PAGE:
“Despite all odds stacked against us, we won 53 national and 80 provincial seats in 2008.”
In the years leading up to the 2013 vote, he recounts, the PPP and the Pakistan Muslim League-Nawaz poached his party’s members of the national and Punjab assemblies and broke away a large number of them.
“Then our brief alliance with the PPP towards the end of the latter’s term cost us hugely. We joined the coalition with the PPP in order to prevent our members, the so-called electables, who have no sense of honour and loyalty or moral obligation, from quitting the party. By the time the election date was announced they left us anyway, in the same fashion they are leaving the PML-N today.”
He adds, “We also could not gauge public mood and failed to realise that the PPP had lost so much public support in Punjab because of its bad governance in the run-up to the election. Our alliance with the PPP cost us dearly. The rest of the job was done by Gen Kayani and former chief justice Iftikhar Chaudhry who worked closely to finish us in Punjab and bring the PML-N in power.”
Pervez Elahi claims that the 2013 election would have produced a split result with the PTI, PML-Q and PPP winning more seats from Punjab than they actually did, if it were held in a fair and free environment. “I blame Gen Kayani and Iftikhar Chaudhry for helping Nawaz Sharif win the election as a result of a deal with him.”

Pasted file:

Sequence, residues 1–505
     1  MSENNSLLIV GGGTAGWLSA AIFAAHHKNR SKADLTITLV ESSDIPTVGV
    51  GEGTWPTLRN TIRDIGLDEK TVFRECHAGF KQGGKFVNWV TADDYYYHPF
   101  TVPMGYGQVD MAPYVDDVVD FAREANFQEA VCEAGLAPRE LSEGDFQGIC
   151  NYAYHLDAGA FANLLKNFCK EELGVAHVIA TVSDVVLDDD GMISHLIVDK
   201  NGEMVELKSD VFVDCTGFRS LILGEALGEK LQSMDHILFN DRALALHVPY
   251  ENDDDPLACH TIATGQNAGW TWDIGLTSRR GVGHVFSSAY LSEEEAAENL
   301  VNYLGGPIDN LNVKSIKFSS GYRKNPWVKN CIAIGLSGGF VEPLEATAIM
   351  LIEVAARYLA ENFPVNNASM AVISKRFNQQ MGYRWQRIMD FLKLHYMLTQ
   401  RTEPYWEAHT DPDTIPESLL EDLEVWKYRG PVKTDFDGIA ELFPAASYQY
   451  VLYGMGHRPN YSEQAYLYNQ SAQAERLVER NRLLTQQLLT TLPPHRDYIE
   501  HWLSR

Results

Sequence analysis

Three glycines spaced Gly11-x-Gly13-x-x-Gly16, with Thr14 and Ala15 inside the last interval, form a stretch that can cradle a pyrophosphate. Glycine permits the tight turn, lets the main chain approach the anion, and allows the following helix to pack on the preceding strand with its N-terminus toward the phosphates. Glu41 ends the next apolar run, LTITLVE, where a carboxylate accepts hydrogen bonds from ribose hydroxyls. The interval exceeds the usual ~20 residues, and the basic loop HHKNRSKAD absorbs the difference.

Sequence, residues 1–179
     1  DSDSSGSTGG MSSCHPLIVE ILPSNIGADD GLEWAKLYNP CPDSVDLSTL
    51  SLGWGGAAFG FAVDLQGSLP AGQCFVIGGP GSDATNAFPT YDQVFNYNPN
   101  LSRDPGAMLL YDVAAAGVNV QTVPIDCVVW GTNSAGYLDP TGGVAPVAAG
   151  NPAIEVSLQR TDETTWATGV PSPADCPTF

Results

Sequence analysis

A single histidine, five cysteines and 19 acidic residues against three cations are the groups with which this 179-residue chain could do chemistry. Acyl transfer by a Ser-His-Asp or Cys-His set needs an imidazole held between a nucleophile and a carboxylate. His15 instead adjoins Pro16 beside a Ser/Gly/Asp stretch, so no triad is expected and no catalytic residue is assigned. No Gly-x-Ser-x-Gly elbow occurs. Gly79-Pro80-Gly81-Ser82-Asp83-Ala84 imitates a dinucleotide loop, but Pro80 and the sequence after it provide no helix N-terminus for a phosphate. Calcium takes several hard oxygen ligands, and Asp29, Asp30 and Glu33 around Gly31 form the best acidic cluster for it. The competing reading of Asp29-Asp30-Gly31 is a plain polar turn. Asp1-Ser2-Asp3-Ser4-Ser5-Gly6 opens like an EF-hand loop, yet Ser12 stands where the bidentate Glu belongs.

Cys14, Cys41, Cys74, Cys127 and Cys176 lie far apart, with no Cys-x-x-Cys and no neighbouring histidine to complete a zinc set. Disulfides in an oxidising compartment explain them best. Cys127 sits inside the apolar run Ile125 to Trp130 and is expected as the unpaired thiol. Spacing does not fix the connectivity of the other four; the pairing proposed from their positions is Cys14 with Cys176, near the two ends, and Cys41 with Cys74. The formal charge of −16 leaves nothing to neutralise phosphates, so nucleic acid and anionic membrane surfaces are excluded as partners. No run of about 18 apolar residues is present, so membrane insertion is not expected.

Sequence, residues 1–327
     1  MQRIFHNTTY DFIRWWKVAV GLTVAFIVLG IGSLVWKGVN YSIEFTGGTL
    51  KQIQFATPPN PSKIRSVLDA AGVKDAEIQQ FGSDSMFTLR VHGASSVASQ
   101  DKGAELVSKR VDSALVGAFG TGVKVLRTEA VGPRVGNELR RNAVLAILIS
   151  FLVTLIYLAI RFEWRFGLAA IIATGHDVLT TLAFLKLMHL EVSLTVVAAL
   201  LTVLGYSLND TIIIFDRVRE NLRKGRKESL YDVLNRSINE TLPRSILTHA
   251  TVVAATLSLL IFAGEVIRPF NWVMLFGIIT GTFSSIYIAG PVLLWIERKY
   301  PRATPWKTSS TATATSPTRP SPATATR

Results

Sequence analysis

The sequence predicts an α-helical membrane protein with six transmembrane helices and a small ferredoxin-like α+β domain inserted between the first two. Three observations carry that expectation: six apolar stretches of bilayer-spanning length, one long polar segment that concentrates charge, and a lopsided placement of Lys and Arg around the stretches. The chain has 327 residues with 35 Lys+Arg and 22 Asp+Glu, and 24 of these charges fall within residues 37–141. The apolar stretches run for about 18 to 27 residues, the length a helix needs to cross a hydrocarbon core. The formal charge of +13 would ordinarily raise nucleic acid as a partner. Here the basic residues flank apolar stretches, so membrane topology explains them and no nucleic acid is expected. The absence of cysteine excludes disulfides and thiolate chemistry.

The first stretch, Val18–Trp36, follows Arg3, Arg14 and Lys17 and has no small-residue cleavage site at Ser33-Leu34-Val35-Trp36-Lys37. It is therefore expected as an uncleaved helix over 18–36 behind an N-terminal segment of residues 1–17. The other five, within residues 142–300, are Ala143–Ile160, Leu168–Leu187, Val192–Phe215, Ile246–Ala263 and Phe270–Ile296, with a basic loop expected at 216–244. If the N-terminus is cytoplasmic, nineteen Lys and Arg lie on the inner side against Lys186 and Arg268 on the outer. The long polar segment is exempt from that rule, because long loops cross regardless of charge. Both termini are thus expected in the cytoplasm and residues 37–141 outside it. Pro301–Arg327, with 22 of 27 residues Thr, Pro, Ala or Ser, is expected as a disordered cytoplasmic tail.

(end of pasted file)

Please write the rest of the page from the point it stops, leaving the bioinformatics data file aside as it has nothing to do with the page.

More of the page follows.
In the July election, he claims, his party has fielded candidates from all four provinces. “We have issued party tickets on most national and provincial assembly seats across the country — Punjab, Khyber Pakhtunkhwa, Balochistan and Sindh. In Sindh, we are part of the opposition alliance, the GDA, and in Punjab we have made seats adjustments with the PTI. We are in contact with every party except the PML-N. I expect the PML-Q to show a better performance on July 25, if fair and free election is held and no party is preferred over the others.”
Published in Dawn, July 5th, 2018